Living on Purpose Does not Mean You Are Perfect
Are you guilty of sabotaging living on purpose by being overcome by the spirit of perfectionism – always seeking perfection as the product of your actions. Perfectionism, in the guise of the right thing to do, can often be the worst unwisest, least productive pursuit and will stand in your way of living on purpose, if you let it.
Most of us want to do our very best when we take action as we pursue our goals. However, the pursuit of perfection can derail your efforts – many times, indefinitely.
There are many considerations when you examine perfectionism. Perfectionism may be what you ultimately strive for; however, failure to reach perfection is no reason to abandon your goals or the tasks to reach your goals. It is, however, important to do and present your best. It is important to recognize when you are doing – and have done – your best without obsessing over perfection, to the point of inertia.
The definition of perfectionism is to be without flaws; accepting nothing less than perfect. However, in many situations, perfection is not warranted and according to Ecclesiastes 11:4, “If you wait for perfect conditions, you will never get anything done” and a perfectionist becomes the antithesis of a person living on purpose.
When examined closely, you will often find that perfectionism results in procrastination and has roots in the fear of failure and even the fear of success.
Well, here’s a News Flash for you: There is no perfect person! There is value in striving to do your best – giving your best – but when it stands in the way of accomplishing your goals, it has no value. Perfectionism becomes a symptom of larger issues and it has no place in a life lived with intention and on purpose.
At its worst, perfectionism will leave you stuck, unfulfilled and stymied. But turned it around, striving for perfection can be just the challenge you need to reach your goals. It is important to recognize when perfectionism is all about you striving for self-satisfaction, not about satisfying some little inner voice saying, “It’s still not good enough,” a voice that was probably planted by someone else, anyway.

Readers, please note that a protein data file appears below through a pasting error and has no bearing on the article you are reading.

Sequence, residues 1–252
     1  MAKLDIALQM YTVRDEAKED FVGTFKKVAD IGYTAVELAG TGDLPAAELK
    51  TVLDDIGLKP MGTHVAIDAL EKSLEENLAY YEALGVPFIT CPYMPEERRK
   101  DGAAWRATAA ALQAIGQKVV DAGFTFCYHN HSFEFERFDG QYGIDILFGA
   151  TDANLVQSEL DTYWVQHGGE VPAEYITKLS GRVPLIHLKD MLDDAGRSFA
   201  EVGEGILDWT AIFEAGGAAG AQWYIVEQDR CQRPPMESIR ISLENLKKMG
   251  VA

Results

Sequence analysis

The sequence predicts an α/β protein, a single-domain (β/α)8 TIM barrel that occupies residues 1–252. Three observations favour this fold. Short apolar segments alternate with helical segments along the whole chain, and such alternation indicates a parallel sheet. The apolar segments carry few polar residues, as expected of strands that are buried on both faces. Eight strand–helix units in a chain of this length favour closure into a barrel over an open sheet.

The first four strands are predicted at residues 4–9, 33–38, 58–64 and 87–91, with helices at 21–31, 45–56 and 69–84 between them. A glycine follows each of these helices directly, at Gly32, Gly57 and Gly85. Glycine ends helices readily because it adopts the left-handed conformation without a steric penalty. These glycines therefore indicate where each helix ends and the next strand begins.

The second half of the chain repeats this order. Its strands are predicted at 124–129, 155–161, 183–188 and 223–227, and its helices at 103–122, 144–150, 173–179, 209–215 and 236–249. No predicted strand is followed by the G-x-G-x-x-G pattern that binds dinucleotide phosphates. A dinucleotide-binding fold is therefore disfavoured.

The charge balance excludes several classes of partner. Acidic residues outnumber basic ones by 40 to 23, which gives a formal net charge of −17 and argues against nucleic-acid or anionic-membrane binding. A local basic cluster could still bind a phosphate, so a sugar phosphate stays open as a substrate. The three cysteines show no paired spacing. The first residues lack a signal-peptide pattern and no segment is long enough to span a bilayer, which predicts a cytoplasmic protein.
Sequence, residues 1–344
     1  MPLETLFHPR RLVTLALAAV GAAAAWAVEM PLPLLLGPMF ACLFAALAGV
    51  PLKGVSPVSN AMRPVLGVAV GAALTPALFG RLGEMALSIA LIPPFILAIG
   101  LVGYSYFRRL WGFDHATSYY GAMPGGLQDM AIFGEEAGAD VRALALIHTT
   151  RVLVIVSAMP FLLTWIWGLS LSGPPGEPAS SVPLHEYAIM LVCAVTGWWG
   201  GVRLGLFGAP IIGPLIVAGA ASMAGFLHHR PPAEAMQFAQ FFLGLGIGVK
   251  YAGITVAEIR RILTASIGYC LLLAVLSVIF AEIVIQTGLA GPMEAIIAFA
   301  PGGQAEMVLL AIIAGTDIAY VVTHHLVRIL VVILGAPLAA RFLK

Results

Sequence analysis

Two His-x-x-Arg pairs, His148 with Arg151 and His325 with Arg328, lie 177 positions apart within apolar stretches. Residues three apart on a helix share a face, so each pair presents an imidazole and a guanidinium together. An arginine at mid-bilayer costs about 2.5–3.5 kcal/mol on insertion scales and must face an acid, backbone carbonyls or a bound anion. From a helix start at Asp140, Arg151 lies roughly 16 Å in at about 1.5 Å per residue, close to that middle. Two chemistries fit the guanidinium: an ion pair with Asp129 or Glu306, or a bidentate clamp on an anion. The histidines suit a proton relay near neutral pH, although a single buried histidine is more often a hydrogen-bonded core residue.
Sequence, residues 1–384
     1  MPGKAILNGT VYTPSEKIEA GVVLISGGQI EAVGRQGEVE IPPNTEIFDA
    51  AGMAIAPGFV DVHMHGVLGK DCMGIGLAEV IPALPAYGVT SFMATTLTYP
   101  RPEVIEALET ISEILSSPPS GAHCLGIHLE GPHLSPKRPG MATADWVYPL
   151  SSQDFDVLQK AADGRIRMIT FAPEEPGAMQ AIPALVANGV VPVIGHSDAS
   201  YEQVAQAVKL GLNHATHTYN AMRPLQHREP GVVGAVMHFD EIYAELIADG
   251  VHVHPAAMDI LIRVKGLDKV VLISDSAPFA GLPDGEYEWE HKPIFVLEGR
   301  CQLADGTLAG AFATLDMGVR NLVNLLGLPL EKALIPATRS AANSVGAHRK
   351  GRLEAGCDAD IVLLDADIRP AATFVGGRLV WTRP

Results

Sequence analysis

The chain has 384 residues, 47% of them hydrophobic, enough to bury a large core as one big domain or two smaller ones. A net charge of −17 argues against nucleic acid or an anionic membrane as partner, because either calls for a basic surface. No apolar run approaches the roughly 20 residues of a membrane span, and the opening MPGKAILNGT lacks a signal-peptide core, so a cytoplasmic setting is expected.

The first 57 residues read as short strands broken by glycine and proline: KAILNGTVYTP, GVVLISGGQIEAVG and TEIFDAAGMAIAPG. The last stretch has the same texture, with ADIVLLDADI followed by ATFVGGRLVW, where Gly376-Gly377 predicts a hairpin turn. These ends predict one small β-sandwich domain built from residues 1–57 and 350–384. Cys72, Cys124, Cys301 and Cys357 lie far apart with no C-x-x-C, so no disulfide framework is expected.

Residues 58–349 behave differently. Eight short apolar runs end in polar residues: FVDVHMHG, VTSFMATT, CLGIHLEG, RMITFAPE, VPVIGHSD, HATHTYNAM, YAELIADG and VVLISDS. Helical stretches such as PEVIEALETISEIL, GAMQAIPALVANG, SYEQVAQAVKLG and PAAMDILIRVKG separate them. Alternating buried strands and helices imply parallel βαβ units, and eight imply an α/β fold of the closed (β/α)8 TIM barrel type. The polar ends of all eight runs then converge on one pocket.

Knowing when striving to be perfect is beneficial and when it is detrimental may not be as tricky as you think. In its most helpful form, perfectionism is welcomed, even demanded. Tasks like brain surgery, building construction, or airplane mechanics require perfectionism – that extra attention to the tiniest of details. It is most often intrinsic to the well-being of others.
At its best, when the perfectionist strives for excellence and is very task oriented, then perfectionism can become one of the best motivators for “doing.” Think of Apple’s creator, Steve Jobs, in his quest to deliver the best product to consumers. He built one of the largest companies in the world based on “getting it just right.”
At its worst, understand that trying to be perfect in unwarranted situations will be energy depleting and will rob you of your creativity and productivity.
All of this is not to say that because you live on purpose that you should abandon doing things well. On the contrary, living on purpose means you are intrinsically called on to transcend “just good enough.” The trick is to recognize when, where, and how perfectionism is warranted and of value to you and to the well-being of others and when it’s an unreasonable hinderance.
Which are you: either an LOP superhero who uses perfectionism as a helpful motivator or someone who let’s perfectionism stand in the way of taking action?
If you want to learn more of how you can live your life on purpose and become a live on purpose (LOP) Superhero, contact me at 205.225.9757. You can also listen to me on WJPMJ radio. Listen live here bitly/wjpmjradio or download the app.
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